Non cultivated Hazels tend to reproduce via stools so the nuts aren't so necessary. Cultivars that do produce heavily need protection from squirrels which you can do by having open, grassy areas near the trees so birds of prey can see & eat them. Deer might be a problem.
 
Tim Wells
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Location: Essex, England, 51 deg
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Deer will be a problem.

I was listening to a podcast today about how the native americans tended food forests and nurtured oaks and redwoods with controlled fires to add minerals.

It seems as if the idea of an ecosystem that we can ignore completely misses the point. We are part of nature and that system and true wilderness is not the goal at all. Using natural systems like fire or plants like N fixers to help our management of the food forest to regenerate and provide yield.
 
Meryt Helmer
Posts: 395
Location: west marin, bay area california. sandy loam, well drained, acidic soil and lots of shade
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I know when native americans where living here they had fires every few years. I can't do fires here but I am thinking if I get some animals that will eat the plants and poop it will help lower fire risks and add tot he soil. I suspect the native americans that lived here where eating a lot of berries from the land around where my house is. It feels like a berry orchard. we have so many huckleberries but also many thimble berries and salal berries and the forest floor is covered in wild strawberries but like I said before they don't produce much. the huckelberries produce massive quantities of berries though making enough for everyone to have plenty, the humans the wildlife and out pet dog who picks them.

our soil is very acidic and very low in nutrients. we have deer fencing for our backyard garden and when we plant things outside the fenced garden we make littl cages for them. if we get hazelnut trees that are more productive we will probably put cages around them until they are large enough to withstand deer. It sounds like the best way to get hazel nuts is to get trees that produce more. that is very doable.

any tips on strawberries? both native and domestic strawberries are looking super healthy but producing few berries. This is my first time growing strawberries so I don't know much about their needs.
 
Cj Sloane
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Tim Wells wrote:
I was listening to a podcast today about how the native americans tended food forests and nurtured oaks and redwoods with controlled fires to add minerals.


Tim, what was the name of the podcast?
 
Tim Wells
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Location: Essex, England, 51 deg
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Sustainable world radio with jill cloutier

the guest was from sudden oak life
 
Tim Wells
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Location: Essex, England, 51 deg
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Meryt, native americans prob had regular fires and spread the potassium rish ashes under the fruit bushes. Potash increases fruit yield. Nitrogen inhibits fruit. So more ash less poo really. Or more woody to balance the leafy and pooey. Tho one exception is comfrey which rots down to provide a balanced feed, either as a mulch or better as a liquid feed.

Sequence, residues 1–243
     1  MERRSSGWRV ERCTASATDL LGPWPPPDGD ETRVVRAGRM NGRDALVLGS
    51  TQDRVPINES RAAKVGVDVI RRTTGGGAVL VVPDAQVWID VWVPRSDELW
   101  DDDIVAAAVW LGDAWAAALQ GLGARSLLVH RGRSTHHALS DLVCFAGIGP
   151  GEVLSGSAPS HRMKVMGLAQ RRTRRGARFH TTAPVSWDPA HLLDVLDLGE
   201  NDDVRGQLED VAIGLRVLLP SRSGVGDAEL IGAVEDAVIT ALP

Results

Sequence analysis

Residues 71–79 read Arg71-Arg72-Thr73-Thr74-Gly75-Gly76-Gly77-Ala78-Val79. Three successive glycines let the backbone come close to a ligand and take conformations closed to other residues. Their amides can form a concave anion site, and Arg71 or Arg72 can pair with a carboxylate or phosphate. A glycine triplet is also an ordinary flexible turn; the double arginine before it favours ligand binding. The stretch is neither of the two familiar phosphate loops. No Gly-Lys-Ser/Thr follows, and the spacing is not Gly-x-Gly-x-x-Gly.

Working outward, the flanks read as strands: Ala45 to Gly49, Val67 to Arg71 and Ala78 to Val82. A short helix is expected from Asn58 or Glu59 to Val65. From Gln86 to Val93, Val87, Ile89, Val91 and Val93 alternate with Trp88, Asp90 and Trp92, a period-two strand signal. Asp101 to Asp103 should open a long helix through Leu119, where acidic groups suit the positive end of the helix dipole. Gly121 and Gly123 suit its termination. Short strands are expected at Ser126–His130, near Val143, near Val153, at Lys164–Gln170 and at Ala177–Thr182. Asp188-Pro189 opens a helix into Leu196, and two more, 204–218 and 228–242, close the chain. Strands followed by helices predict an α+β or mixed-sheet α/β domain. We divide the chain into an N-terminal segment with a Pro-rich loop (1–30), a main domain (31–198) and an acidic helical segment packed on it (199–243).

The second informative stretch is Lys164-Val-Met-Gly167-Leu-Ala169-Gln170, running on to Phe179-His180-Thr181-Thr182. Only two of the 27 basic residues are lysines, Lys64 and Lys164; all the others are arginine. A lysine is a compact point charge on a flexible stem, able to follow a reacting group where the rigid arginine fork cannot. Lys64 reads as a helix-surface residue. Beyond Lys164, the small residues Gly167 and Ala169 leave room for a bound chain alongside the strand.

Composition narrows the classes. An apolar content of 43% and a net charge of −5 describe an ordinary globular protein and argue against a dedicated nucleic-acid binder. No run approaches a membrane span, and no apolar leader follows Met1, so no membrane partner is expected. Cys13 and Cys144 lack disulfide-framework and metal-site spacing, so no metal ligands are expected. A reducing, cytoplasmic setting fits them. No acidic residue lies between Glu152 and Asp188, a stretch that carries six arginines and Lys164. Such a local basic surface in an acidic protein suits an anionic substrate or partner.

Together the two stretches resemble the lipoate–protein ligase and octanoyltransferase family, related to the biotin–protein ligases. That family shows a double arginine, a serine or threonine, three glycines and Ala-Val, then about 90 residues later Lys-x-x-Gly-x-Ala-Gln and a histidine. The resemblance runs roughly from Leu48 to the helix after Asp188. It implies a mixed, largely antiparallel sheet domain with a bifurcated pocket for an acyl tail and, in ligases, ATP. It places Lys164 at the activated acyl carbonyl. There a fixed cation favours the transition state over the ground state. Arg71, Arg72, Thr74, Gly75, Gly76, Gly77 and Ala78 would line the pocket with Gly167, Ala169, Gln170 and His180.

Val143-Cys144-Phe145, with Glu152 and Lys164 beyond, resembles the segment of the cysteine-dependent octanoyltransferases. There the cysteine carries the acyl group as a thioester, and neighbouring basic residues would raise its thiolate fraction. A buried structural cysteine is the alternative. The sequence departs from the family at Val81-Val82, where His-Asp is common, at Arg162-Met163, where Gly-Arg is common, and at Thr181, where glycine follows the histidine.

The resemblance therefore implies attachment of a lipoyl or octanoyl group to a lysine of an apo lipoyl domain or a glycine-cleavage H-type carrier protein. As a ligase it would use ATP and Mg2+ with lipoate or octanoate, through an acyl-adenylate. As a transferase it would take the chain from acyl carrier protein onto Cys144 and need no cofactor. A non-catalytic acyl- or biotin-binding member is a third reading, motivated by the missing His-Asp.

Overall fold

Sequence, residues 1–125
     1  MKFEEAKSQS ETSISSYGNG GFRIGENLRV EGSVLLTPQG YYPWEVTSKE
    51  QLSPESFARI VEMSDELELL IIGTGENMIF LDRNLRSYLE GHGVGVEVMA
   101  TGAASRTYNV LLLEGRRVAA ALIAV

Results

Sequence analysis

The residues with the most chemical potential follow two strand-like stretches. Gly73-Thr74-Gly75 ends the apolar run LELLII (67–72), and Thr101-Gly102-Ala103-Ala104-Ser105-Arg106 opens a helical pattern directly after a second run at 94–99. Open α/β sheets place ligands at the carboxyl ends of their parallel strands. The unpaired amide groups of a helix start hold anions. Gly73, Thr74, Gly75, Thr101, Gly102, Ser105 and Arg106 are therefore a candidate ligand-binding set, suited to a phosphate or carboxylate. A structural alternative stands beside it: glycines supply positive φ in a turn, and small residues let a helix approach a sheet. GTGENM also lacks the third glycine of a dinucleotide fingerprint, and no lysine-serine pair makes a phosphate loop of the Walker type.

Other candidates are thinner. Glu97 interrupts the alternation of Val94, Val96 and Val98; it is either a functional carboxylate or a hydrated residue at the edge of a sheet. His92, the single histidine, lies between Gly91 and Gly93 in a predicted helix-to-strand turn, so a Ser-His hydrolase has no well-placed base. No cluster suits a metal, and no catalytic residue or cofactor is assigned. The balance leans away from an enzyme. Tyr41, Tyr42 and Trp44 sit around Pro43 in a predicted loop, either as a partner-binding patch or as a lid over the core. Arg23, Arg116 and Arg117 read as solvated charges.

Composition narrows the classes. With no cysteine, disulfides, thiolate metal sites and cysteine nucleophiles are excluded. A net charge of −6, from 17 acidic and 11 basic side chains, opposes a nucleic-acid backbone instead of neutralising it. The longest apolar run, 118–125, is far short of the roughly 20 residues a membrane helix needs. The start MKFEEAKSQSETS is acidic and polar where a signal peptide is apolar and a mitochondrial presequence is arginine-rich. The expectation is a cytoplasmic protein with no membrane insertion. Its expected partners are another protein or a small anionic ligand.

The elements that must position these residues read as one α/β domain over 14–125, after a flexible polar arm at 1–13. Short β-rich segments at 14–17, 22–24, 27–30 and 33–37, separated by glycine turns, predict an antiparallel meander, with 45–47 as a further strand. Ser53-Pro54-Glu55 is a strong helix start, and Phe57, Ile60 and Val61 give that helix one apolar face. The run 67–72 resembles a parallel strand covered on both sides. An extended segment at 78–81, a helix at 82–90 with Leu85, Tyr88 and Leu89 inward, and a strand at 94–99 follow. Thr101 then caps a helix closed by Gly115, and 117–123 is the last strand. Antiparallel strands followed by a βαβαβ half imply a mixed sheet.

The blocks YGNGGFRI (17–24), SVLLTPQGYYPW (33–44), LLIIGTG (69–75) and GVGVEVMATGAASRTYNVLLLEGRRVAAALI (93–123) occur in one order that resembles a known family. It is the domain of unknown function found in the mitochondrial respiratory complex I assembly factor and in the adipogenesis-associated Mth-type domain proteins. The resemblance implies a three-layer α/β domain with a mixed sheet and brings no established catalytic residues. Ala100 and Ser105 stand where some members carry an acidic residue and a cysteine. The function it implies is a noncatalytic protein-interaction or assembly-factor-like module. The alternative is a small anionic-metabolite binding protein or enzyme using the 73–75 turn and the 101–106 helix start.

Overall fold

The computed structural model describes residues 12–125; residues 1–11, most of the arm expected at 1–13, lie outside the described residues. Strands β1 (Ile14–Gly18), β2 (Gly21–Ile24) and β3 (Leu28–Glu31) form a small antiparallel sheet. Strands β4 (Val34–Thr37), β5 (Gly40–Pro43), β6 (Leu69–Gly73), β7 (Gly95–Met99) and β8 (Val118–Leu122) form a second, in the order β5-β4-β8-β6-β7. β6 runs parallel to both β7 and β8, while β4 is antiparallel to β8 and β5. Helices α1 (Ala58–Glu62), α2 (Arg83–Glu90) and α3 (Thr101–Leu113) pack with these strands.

Moisture during fruit set and weed competition will affect this is also a factor. As are critters nibbling the immature fruits before you observe, giving the impression of a sub par yield. Late frosts on blossom also ruin set.
 
Tim Wells
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http://www.suddenoaklife.org/
 
Sean Banks
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well you got to know when the fruits/nuts ripen on the tree so that you can beat the wildlife.....I am constantly taste testing to make sure that I am the first to pick..........also, it may help if you planted some cultivars of the wild variety.....some cultivated varities simply produce better and often yield larger fruit.....removing competition (other plants nearby) would also help.
 
Meryt Helmer
Posts: 395
Location: west marin, bay area california. sandy loam, well drained, acidic soil and lots of shade
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the fire mimicry looks awesome. I have been pondering how to mimic the effects of fire on my property since before I moved here. it never occured to me to look into if others had been doing it or even the wording of fire mimicry. it has been on my mind though.
 
Tim Wells
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Location: Essex, England, 51 deg
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the squirrels eat my hazels before they are ripe to my taste, ditto chestnuts, but i assume they know better than I
 
Gilbert Fritz
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It seems as if the idea of an ecosystem that we can ignore completely misses the point. We are part of nature and that system and true wilderness is not the goal at all. Using natural systems like fire or plants like N fixers to help our management of the food forest to regenerate and provide yield.


That pretty much sums it up! I think that an ecosystem can be deficient in humans, just as an ecosystem can be deficient in beavers or owls.

Of course, those humans should practice permaculture (or something like it!) It wouldn't help much to add beavers back into an ecosystem if beavers stopped acting like beavers and began using concrete instead of logs!